Novak Djokovic urged to fix US Open ban woes despite definitive vaccine statement

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NOVAK DJOKOVIC is currently unable to play the US Open with unvaccinated travellers banned.

Novak Djokovic has been told to get vaccinated so he can play the US Open despite declaring he would not be jabbed purely to compete. Unvaccinated travellers are currently banned from entering the United States, meaning the three-time former champion will not be able to participate in the final Grand Slam of the year unless the rule changes in the next six weeks. And 53 per cent of Express Sport readers think Djokovic should get vaccinated to stop himself from being kept out of the tournament.

Djokovic is currently facing an anxious wait to see whether the US government will relax their Covid travel rules in time for him to compete in the US Open, starting in exactly six weeks. The world No 7 has already been prevented from competing in a Grand Slam over his unvaccinated status at the start of the year in Australia, and could find himself in the same position again.

With time running out for the rules to be relaxed, more than half of Express Sport readers voting in a poll urged the 21-time Major champion to get the Covid vaccine so he could compete in New York, despite the Serb ruling out the option of being jabbed. 53 per cent of 10,283 voters said they thought he should get vaccinated to play in six week’s time.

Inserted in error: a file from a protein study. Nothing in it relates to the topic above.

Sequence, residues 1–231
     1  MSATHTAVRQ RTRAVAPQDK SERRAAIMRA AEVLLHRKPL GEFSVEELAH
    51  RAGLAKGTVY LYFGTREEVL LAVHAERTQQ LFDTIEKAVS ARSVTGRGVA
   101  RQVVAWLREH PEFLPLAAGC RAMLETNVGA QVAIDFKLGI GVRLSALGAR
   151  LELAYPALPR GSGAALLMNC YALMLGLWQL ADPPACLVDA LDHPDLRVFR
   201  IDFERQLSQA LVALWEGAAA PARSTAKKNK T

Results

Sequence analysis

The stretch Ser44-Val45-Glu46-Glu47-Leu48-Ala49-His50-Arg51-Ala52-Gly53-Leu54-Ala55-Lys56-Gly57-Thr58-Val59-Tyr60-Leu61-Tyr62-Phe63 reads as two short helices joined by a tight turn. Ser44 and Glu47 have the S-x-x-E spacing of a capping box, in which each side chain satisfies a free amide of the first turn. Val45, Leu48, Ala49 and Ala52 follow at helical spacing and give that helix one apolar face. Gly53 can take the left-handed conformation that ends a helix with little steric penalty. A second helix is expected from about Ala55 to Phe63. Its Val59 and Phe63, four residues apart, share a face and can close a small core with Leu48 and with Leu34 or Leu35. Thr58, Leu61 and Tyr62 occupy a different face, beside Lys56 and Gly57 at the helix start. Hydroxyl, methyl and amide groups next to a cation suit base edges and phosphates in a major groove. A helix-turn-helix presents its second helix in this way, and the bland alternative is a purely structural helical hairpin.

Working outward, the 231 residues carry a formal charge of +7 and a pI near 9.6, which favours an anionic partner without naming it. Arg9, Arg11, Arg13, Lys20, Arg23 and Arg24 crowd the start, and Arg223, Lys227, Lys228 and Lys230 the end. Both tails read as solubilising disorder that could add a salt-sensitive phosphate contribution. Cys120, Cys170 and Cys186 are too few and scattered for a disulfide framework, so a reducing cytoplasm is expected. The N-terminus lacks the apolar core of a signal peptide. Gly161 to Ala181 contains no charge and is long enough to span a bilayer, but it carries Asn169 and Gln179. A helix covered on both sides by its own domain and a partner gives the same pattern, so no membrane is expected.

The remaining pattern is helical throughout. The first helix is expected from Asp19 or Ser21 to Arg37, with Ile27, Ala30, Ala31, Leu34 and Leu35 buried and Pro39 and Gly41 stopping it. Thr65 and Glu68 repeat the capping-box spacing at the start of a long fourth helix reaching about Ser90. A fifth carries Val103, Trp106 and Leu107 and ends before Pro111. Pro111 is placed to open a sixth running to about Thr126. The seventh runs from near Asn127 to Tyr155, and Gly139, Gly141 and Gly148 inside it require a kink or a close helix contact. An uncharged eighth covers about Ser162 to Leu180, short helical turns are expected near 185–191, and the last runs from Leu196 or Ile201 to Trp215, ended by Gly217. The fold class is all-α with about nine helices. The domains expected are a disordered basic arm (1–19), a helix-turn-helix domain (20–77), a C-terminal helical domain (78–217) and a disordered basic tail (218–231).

38 per cent said no while nine per cent said they weren’t sure. But there’s little to no chance that Djokovic will be taking the advice of Express Sport readers anytime soon, as after he won a seventh Wimbledon crowd eight days ago he said: “I’m not vaccinated and I’m not planning to get vaccinated so the only good news I can have is them removing the mandated green vaccine card or whatever you call it to enter United States or exemption.”

The 35-year-old received what he believed was a medical exemption from the Australian Open to compete in January but found himself stopped at the border when he landed in Melbourne and had his visa cancelled twice before he was ultimately deported. And this time around, Djokovic didn’t want to rely on an exemption.

He continued: “I don’t know. I don’t think exemption is realistically possible. If that is possibility, I don’t know what exemption would be about. I don’t know. I don’t have much answers there. I think it’s just whether or not they remove this in time for me to get to USA.”

But the recent Wimbledon winner said he wasn’t feeling the “pressure” to play a certain schedule, and would make decisions once he knew what the final decision would be from the US government. Djokovic added: “I’ll see. I don’t really feel any pressure or necessity to play a certain schedule.

“And things have changed in the last year, year and a half for me. I achieved that historic No. 1, weeks for No. 1, that I worked for all my life. Now that that’s done and dusted, I prioritise slams and big tournaments really and where I want to play, where I feel good.

“We still have not spoken about the schedule, Goran and I. We have to sit down and see what the news are from States and whether that’s happening or not happening, then take it from there.”

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